Saturday, 11 May 2013

A Misplaced Taipei Times Euology To Yoichi Hatta

Yesterday, the Taipei Times house editorial responded to a KMT legislator worried about the current rise of nationalist sentiment in Japan, and the popularity of all things Japanese in Taiwan despite Japan having been a colonial occupier:
"The lawmaker said he wondered why a dam built by the Japanese could be praised as a legacy for decades, while Taiwanese turned a blind eye to many other infrastructure projects completed by the Taiwanese government."
The particular dam he had in mind was that of Wushantou reservoir, which I have visited and explored many times and researched in some detail. I think the question is at least partly worthwhile because it is not simply a question of why Wushantou reservoir is still considered praiseworthy (contrary to what was probably a deliberate misinterpretation by the TT editor), but of why similar such praise is not given to reservoirs (or "other infrastructure projects") established by the ROC government.

If the comparison is restricted to other reservoirs, then the question is particularly interesting. For one thing, although Wushantou reservoir was an outstanding achievement by a young Japanese engineer trying out a new dam-core construction technique developed in the U.S., the reservoir was not without its problems - it ran dry several times due to insufficient water supply, despite the fact that Yoichi Hatta had designed and built a complicated diversion system to supplement the Guantian river with water from the Tseng-wen river. Today, this fact appears to be mostly unkown or ignored. It was not until the construction of the Tseng-wen reservoir dam that this problem was largely solved, and this is because Tseng-wen reservoir was built to the single purpose of ensuring a continuous water supply to Wushantou reservoir and thereby the Chianan irrigation system. Although Yoichi Hatta himself may have had early plans to construct a reservoir further upstream on the Tseng-wen river from the diversionary dam he had built for Wushantou, the fact is that this reservoir was not completed until 1973 and was done so under the funding and direction of the ROC government. Moreover, given the scale of the Tseng-wen reservoir dam (it is well over 100 meters tall), and the modern construction methods that were required to build it, it is unlikely Yoichi Hatta would have been able to build a dam to similar specifications in the 1930s.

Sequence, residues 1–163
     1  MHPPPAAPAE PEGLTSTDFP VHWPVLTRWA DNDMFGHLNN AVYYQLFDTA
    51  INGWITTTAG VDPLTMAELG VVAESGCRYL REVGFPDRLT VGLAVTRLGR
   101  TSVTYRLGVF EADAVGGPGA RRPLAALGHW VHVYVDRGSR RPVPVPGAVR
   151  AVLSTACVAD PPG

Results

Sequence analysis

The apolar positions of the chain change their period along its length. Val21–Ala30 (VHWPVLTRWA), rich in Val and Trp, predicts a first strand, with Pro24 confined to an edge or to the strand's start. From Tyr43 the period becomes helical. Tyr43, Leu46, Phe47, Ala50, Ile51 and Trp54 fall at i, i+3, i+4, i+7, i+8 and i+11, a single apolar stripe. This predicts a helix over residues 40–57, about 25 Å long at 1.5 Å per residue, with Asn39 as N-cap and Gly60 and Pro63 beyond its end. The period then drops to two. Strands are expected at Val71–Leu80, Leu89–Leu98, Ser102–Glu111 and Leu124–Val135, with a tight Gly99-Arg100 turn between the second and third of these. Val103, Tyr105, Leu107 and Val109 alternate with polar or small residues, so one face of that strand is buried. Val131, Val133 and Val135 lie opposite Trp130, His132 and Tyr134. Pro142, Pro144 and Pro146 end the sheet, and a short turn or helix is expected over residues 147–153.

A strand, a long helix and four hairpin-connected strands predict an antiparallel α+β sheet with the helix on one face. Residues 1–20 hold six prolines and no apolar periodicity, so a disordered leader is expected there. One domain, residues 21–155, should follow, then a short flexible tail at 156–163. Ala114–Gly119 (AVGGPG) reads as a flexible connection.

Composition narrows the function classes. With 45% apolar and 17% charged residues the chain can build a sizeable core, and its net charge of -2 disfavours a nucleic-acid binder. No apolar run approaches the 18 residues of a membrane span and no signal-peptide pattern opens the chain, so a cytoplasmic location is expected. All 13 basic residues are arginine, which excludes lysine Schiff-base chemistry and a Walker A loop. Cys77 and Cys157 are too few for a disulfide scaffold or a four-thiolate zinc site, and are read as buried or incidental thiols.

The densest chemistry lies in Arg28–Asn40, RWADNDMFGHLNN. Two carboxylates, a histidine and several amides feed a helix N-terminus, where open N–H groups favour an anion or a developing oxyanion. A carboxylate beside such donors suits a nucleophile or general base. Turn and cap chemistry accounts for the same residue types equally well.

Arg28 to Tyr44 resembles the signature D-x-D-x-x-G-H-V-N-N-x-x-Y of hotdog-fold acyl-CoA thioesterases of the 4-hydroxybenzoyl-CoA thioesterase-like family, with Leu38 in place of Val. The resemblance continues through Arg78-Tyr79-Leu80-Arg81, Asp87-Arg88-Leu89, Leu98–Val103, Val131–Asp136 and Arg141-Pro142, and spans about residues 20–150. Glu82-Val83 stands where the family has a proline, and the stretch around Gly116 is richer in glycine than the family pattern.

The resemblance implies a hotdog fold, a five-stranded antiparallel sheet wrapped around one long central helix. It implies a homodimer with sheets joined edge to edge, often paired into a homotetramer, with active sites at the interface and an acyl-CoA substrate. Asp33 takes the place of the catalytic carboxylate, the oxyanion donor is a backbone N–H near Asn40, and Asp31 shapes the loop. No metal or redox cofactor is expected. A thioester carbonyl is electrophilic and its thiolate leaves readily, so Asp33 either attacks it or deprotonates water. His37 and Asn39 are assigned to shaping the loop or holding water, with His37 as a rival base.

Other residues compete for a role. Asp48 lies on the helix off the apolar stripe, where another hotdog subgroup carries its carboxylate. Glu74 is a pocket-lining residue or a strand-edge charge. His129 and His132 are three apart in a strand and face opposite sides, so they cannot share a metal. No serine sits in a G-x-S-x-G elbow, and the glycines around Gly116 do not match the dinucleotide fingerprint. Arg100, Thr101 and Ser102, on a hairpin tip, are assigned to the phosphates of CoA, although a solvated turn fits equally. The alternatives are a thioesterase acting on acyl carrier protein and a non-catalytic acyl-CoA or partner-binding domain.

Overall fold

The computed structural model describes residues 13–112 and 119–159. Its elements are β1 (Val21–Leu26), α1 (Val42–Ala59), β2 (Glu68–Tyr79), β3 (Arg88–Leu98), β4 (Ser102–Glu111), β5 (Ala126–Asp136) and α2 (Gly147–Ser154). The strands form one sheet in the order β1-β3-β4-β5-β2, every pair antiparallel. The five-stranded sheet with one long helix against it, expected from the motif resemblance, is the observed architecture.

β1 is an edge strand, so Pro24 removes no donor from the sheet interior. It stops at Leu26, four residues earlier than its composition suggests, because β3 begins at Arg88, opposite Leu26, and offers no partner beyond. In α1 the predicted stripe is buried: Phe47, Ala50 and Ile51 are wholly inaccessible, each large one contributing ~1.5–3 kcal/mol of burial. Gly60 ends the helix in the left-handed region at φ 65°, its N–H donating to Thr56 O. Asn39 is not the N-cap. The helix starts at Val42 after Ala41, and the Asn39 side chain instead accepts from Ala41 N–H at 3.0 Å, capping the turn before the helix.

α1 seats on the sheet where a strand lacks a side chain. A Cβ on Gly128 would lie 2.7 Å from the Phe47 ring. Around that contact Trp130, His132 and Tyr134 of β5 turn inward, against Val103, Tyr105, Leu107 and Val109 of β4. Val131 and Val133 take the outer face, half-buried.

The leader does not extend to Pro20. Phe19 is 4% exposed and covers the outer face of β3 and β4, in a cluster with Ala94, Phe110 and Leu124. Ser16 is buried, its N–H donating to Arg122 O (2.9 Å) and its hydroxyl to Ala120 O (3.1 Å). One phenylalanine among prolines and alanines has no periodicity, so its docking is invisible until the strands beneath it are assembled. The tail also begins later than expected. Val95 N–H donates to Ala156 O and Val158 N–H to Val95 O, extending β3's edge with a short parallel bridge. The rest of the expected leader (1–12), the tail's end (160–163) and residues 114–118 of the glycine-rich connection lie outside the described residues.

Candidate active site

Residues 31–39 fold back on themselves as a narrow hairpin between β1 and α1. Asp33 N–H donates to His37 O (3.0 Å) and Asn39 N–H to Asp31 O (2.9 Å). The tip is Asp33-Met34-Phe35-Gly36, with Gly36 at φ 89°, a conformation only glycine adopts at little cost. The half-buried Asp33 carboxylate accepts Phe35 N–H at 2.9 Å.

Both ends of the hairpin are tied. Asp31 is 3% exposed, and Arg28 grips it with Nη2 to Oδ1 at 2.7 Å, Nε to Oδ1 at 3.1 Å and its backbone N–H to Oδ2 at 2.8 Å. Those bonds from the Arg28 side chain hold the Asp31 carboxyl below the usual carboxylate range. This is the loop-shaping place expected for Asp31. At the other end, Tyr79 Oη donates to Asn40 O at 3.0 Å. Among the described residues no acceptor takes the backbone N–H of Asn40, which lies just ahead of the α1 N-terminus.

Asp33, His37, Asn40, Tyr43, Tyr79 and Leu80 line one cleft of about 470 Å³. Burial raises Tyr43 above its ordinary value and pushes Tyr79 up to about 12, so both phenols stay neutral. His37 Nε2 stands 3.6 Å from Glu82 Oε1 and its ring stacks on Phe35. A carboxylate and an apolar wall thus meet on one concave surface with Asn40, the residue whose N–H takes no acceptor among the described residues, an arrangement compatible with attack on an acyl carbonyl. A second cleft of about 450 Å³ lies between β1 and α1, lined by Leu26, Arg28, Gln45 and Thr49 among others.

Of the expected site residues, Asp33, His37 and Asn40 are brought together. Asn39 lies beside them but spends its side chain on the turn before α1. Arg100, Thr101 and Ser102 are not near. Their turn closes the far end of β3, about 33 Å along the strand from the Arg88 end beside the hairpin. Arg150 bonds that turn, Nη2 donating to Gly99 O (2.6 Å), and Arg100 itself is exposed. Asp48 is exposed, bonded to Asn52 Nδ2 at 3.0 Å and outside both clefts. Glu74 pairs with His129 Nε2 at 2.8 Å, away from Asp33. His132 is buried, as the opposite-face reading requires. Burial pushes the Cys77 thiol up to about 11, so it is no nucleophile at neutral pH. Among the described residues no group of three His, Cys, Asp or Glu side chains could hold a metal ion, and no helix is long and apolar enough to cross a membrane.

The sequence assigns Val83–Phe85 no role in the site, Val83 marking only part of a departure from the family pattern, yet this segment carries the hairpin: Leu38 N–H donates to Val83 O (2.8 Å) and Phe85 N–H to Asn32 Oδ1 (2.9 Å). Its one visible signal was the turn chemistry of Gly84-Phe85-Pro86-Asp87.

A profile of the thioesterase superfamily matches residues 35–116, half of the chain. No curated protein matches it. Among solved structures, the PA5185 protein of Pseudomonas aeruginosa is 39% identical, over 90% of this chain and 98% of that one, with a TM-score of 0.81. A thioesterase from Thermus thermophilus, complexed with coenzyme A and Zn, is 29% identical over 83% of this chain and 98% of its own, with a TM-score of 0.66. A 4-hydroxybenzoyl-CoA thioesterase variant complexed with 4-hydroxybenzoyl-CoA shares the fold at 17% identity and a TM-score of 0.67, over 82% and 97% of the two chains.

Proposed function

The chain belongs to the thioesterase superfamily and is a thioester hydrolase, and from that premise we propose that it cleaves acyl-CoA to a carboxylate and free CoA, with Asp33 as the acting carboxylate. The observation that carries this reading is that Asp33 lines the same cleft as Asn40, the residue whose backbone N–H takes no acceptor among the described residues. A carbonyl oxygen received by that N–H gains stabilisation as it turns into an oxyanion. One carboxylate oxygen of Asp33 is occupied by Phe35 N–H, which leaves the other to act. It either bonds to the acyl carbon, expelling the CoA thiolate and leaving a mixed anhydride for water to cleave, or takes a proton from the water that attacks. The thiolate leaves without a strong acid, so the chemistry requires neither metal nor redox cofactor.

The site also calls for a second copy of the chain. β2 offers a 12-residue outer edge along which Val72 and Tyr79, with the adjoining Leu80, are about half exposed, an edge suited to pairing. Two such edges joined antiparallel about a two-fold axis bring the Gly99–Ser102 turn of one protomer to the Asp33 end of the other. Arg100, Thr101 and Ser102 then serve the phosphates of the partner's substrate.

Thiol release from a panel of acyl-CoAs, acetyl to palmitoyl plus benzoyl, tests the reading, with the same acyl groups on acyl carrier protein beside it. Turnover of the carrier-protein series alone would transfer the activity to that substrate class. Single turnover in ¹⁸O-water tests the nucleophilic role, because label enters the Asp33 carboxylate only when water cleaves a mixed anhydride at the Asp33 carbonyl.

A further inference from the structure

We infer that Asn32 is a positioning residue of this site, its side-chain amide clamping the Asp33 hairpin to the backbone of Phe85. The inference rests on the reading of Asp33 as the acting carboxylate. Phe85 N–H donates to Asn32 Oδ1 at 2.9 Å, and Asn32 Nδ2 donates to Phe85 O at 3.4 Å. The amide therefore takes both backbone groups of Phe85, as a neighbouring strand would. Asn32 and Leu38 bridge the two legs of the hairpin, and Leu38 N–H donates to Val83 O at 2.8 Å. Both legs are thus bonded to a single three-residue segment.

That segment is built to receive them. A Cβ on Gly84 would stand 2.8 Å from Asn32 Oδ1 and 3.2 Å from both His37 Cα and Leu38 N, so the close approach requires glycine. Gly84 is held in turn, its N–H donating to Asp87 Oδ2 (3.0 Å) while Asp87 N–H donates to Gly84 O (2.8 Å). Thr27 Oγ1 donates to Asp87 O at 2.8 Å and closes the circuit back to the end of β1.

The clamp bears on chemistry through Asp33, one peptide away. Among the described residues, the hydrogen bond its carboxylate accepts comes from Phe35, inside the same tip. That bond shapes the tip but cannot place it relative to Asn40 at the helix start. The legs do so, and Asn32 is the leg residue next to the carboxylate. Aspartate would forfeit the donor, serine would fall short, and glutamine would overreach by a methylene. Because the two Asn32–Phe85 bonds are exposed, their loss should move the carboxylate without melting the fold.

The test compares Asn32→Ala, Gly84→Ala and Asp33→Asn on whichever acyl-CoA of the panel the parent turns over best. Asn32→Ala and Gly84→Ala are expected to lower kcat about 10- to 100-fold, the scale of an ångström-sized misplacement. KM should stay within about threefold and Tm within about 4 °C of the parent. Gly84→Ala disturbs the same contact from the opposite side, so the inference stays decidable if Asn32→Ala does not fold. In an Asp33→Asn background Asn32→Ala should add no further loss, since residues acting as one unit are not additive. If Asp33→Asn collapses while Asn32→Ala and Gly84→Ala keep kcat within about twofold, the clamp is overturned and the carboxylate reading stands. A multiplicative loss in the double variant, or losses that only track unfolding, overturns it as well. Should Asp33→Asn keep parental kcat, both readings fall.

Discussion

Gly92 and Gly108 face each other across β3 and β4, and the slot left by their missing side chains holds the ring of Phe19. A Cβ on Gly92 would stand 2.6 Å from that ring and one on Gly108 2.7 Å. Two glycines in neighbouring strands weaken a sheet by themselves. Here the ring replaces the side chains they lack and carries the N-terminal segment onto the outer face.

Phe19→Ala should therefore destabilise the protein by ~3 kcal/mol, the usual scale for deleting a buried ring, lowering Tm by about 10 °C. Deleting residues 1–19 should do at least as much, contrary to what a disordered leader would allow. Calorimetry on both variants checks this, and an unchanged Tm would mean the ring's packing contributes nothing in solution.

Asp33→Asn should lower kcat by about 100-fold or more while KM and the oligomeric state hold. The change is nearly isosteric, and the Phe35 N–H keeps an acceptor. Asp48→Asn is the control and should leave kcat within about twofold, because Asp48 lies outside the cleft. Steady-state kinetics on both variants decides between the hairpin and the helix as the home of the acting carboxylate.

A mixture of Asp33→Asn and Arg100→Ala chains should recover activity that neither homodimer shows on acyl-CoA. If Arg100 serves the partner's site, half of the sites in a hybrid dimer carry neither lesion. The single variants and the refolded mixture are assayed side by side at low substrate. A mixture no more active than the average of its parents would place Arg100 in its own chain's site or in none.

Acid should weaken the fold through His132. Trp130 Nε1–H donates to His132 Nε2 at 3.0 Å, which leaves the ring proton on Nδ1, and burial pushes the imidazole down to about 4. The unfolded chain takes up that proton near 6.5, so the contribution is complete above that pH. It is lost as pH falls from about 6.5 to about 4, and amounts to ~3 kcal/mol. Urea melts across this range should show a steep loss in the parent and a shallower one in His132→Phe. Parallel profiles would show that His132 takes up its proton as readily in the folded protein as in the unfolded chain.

In short then, although there are perfectly valid reasons to praise Yoichi Hatta and Wushantou reservoir, both he and his legacy are made to look better than they actually are by the efforts of later engineers working for the ROC government. Yet why are the achievements of these engineers overlooked?